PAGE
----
One of the greatest aspects of SFIV's combat is undoubtedly the absence of parrying, replaced by Focus Attacks and EX moves. No matter what you do, you can never gain a complete advantage over another player simply because you're a tournament level Street Fighter maniac.

Focus Attacks aren't invincible, EX moves are easy to pull off and even button mashers will be able to rack up some damage as long as they know the difference between the face buttons and the joystick.

Heck, I even lost a round against someone who hadn't picked up a controller since the SNES days! But don't think SFIV is a button-masher's paradise - if you have skill, you definitely have an edge.

The inclusion of Ultra moves also eliminates the one glaring problem with most modern fighting games: once you fall behind, it's tough to catch up, much less win. With the new Revenge meter evening up the matches, one-sided fights can actually be won if the resulting Ultra moves are used judiciously.

NEXT PAGE: a black belt

Street Fighter IV represents a welcome return to form for the famous fighting game.

Street Fighter IV: black belt

Like any modern fighting game, SFIV has unlockables everywhere. Aside from the already beefy roster consisting of the original 12 World Warriors from SFII, you can unlock twelve more as you progress through the game, not to mention a wide array of alternate costumes.

There's also a nifty movie gallery with all of the prologues and endings to each character's respective story. If that doesn't keep you busy, then the extra modes such as Time Attack and Survival can definitely help players hone their skills.

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Street Fighter IV: hooked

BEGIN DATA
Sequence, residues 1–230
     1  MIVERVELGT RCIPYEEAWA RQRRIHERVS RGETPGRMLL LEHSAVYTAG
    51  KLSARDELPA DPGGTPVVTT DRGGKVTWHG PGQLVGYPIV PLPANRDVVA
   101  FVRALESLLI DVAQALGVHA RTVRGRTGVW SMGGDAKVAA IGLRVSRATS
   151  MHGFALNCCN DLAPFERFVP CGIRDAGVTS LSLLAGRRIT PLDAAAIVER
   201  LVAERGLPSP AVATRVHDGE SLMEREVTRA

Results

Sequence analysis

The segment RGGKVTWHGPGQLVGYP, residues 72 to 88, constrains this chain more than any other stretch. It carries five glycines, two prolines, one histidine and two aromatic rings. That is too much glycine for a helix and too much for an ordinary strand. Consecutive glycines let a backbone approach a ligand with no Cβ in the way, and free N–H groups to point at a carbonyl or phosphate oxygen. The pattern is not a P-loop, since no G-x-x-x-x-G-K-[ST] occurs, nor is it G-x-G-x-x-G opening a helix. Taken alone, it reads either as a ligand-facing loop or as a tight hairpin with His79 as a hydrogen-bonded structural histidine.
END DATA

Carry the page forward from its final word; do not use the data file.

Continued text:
A diehard fan of the franchise through and through, Street Fighter IV is better than I could have hoped for, as I've been openly skeptical about the game for months.

After clutching my copy of SFIII: Third Strike to my chest for so many years as my last memory of the late and great franchise, I feel like I can finally let go and try something new, yet familiar.

At the end of the day, that's really what this Street Fighter is: it's a title that's built for newcomers, yet tweaked for old school vets from the arcade and home console days.

If you like fighting games, don't hesitate to pick this one up; heck, even if you've never thrown a "Hadouken" in your life, it's worth getting.

Chances are, you'll find yourself getting hooked.

GamePro.com

Street Fighter IV review: Specs

  • Windows PC
  • Sony PlayStation 3
  • Microsoft Xbox 360
  • Windows PC
  • Sony PlayStation 3
  • Microsoft Xbox 360

OUR VERDICT

Street Fighter IV is exactly the sequel that tournament players, series fans and long absent gamers have been waiting for. The fighting system is truly unique, letting casuals and experts equally enjoy the Street Fighter experience without getting bogged down in techniques and precision timing. There's no question about it - buy this game and join the worldwide tournament.